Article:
Waterlooville teacher writes song based on great-grandmother’s letters to the trenches

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  • Song reaches the semi-final of national competition
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LOVE letters from the trenches 100 years ago have inspired a poignant song.

Amy Goddard wrote the musical piece Gladdie after being brought to tears by the heart-wrenching story of her great-grandmother Gladys Woodland, who was in correspondence with a soldier in the trenches during the First World War.

The letters had been sitting in a box at the bottom of a cupboard for many years, but Amy was so inspired she decided to put pen to paper herself.

The song has now reached the semi-final in the UK Songwriting Competition and was released on iTunes and Amazon yesterday.

‘I thought her story was worth sharing,’ said Amy, a piano teacher, of Jubilee Road, Waterlooville.

‘It’s a story that would have been very familiar to hundreds of families across the country.

Amy Goddard (36) from Waterlooville has written a song called 'Gladdie' in memory of her great grandmother Gladys Woodland and her boyfriend Leslie Atwill who was killed in World War One ''Picture by:  Malcolm Wells (150928-5731)

Amy Goddard (36) from Waterlooville has written a song called 'Gladdie' in memory of her great grandmother Gladys Woodland and her boyfriend Leslie Atwill who was killed in World War One ''Picture by: Malcolm Wells (150928-5731)

‘It’s a little vignette of life at the time.’

Gladys met Leslie Atwill while performing in a band at the barracks in South Wales and the pair struck up a romance before he went to fight abroad.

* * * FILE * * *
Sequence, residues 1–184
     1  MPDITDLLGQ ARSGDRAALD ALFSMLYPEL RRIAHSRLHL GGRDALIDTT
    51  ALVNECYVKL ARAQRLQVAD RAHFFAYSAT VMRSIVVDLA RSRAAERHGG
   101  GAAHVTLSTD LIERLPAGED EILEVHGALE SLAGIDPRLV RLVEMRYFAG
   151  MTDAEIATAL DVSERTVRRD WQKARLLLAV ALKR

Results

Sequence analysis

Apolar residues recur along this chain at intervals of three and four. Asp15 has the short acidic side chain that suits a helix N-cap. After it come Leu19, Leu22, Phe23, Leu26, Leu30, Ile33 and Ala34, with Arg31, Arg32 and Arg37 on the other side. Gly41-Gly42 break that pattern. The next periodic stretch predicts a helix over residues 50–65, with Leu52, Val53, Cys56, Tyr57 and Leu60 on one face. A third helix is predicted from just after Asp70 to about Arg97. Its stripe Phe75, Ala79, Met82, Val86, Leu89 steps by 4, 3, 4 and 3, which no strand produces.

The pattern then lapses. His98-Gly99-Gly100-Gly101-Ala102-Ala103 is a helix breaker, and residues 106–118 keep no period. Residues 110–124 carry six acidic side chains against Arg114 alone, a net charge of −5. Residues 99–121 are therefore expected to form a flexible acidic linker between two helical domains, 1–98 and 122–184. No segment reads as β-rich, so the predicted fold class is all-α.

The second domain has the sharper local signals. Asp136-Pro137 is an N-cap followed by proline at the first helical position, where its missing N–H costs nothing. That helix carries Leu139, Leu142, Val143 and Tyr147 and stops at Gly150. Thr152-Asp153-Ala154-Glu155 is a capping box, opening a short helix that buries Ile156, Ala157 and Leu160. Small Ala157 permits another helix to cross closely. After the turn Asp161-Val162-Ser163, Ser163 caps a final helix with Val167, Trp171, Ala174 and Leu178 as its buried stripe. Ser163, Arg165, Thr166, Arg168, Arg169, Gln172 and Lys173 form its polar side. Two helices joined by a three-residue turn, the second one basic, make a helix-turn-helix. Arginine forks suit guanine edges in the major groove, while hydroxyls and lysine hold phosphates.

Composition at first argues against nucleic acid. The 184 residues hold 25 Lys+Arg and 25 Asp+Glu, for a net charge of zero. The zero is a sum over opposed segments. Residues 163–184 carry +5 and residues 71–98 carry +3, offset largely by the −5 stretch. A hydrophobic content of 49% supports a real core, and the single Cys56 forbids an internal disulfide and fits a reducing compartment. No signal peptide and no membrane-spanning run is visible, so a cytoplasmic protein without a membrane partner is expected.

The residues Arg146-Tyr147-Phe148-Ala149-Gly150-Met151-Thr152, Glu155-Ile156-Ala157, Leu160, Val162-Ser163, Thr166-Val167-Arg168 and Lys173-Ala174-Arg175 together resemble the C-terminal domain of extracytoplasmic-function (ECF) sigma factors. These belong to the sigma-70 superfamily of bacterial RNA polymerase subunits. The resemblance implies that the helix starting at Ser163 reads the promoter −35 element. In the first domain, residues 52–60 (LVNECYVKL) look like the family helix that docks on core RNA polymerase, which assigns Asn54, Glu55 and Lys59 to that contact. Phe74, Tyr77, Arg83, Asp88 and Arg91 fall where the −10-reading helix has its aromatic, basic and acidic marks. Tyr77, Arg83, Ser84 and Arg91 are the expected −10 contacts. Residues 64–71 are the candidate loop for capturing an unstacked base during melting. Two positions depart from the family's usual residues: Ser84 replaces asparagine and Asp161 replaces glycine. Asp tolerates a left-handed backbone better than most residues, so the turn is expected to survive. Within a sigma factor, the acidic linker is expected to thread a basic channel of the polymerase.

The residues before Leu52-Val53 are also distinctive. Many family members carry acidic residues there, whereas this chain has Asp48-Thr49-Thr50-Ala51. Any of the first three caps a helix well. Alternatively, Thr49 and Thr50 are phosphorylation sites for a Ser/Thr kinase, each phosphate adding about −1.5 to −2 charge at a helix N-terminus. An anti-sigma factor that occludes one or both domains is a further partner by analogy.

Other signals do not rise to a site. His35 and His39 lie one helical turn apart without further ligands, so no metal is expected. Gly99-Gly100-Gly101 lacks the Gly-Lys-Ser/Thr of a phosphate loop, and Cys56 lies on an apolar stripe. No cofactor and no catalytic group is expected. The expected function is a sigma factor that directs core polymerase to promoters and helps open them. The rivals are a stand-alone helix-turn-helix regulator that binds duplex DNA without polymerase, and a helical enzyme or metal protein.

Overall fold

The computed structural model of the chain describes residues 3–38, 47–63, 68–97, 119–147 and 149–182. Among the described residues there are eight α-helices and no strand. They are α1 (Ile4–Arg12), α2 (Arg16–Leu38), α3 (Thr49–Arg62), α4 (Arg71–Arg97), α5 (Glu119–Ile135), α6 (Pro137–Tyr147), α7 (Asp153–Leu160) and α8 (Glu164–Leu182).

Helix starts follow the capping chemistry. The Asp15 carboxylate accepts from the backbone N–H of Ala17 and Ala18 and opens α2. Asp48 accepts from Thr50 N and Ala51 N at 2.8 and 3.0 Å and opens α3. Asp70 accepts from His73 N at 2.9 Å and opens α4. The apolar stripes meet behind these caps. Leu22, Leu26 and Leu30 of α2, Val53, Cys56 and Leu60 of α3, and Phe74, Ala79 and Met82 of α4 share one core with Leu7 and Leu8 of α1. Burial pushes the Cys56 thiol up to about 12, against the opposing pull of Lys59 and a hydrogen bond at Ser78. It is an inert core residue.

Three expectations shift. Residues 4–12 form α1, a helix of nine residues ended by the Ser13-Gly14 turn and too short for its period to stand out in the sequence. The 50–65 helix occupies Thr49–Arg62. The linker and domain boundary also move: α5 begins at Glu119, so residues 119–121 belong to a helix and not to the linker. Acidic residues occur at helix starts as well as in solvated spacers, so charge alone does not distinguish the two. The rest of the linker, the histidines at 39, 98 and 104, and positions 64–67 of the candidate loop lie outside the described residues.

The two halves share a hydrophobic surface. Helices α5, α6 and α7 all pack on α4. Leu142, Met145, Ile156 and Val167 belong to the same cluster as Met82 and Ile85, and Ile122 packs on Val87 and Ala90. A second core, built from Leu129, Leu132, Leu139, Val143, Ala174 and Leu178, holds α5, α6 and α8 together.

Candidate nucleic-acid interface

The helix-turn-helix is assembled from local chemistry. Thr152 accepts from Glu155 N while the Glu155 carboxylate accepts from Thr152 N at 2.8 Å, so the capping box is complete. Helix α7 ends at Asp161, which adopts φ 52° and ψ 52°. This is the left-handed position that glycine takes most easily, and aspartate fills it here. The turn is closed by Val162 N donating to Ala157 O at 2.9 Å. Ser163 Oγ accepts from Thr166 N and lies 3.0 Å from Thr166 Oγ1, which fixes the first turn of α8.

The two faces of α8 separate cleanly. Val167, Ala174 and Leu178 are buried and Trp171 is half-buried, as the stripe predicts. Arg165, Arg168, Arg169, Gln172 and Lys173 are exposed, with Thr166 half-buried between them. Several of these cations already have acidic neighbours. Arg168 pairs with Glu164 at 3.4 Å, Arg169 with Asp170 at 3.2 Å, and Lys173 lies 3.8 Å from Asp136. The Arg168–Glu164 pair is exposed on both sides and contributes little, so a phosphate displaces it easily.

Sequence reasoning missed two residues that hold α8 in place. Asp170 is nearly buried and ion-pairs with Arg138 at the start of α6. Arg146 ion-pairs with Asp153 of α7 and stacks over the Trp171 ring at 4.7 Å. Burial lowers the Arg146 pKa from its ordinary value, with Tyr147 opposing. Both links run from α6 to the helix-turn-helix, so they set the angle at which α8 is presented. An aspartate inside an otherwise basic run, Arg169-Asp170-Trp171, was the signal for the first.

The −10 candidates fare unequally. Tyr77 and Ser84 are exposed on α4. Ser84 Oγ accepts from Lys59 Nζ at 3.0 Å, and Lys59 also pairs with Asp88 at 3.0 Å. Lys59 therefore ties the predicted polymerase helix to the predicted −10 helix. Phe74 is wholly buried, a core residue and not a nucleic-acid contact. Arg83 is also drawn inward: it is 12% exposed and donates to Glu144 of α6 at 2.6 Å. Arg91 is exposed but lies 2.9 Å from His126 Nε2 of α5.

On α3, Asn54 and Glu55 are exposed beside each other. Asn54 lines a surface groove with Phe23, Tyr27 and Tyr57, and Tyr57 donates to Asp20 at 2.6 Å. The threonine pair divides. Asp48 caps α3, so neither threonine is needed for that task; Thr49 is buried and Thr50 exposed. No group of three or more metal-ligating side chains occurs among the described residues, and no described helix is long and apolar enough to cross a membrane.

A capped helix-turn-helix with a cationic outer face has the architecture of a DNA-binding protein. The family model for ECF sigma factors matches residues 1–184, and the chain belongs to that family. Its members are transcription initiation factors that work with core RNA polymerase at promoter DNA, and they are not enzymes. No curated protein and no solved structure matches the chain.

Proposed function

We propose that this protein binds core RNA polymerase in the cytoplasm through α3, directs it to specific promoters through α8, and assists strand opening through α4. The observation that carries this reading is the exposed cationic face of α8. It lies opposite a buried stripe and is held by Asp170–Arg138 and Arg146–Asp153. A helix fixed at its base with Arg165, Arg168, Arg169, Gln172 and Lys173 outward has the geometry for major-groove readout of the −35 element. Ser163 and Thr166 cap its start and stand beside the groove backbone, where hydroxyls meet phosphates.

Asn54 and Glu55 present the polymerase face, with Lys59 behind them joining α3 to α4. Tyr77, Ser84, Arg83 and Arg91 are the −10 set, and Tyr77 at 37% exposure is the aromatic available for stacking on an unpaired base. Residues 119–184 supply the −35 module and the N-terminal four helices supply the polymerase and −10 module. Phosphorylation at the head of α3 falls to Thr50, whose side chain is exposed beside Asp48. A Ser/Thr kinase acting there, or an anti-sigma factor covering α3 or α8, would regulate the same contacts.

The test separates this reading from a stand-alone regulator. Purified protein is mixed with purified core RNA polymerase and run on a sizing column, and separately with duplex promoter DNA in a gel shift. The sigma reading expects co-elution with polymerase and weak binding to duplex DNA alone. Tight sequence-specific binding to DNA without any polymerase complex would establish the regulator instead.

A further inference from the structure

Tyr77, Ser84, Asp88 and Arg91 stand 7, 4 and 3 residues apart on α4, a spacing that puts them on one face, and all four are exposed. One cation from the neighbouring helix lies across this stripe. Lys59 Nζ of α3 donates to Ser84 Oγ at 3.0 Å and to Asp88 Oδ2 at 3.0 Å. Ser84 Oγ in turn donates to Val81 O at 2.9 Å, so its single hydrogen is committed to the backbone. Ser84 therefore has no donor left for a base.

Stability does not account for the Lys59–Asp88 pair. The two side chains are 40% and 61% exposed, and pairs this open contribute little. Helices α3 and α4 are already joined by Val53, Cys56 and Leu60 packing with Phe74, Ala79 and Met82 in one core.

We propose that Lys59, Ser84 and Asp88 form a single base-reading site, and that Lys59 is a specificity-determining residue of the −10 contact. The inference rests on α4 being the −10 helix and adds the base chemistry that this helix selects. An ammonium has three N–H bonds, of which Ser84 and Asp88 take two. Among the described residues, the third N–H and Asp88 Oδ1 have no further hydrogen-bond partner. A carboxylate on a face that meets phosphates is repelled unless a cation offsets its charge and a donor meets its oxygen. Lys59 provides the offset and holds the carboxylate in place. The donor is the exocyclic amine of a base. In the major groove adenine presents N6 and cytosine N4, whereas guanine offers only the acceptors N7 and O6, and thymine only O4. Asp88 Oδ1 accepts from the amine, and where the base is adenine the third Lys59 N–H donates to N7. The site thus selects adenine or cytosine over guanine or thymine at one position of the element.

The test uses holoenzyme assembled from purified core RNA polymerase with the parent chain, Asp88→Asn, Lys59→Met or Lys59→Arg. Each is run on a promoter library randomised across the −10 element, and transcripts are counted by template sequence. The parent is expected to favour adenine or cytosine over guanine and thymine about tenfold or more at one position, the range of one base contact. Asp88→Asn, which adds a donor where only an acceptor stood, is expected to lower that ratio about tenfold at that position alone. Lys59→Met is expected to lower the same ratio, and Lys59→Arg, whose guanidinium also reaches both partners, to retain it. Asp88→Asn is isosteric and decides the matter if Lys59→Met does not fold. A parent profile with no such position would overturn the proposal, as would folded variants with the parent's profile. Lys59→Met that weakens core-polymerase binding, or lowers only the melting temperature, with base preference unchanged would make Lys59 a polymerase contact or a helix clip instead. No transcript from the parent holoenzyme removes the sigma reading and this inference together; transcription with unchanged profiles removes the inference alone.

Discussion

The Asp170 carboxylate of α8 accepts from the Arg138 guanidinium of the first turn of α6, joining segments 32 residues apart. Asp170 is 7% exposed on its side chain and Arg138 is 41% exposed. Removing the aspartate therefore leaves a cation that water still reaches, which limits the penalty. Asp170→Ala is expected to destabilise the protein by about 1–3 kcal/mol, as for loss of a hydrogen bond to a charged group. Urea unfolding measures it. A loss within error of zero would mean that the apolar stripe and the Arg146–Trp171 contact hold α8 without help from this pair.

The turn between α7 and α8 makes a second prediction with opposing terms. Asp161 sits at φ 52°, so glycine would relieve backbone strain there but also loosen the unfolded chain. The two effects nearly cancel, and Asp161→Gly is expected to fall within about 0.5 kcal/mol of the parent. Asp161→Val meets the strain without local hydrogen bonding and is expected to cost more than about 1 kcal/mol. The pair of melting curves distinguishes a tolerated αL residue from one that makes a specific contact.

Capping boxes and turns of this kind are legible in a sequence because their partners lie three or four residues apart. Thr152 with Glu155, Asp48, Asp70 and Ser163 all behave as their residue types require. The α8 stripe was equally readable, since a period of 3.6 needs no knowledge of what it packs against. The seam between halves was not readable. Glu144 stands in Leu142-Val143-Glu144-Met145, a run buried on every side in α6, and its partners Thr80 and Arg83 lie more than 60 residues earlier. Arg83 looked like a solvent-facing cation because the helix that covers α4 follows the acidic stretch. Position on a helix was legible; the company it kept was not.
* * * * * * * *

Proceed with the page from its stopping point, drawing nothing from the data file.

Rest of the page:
They exchanged letters until Gladys received a short note from Leslie’s relative that he had died from pneumonia.

Leslie, in his early 20s, and his brothers, Thomas, William and Percy, all died during the war, which was fought between 1914-1918.

Gladys, who referred to Leslie as her ‘one true love’, kept the letters and a newspaper cutting announcing his death until her own death in 1985 at the age of 93.

Amy, whose passion is folk singing, said: ‘Last year during the centenary of the war, it made me think about the war and my own family history. I went through the letters again with the aim of writing a song.

‘The thing that struck me more than anything else was he does not talk about what it was like out there.

‘That was perhaps due to censorship, but also the culture of protecting women at home – because of how awful it was.’

Amy has since performed the song at folk clubs in Boarhunt and Havant.

‘I found it quite emotional, particularly because I knew her,’ she said.

‘It took me a while to sing it without breaking down.’

On her thoughts of the First World War, she said: ‘It was a terrible waste of life and nothing changed. It was only another few years later there was a second war.’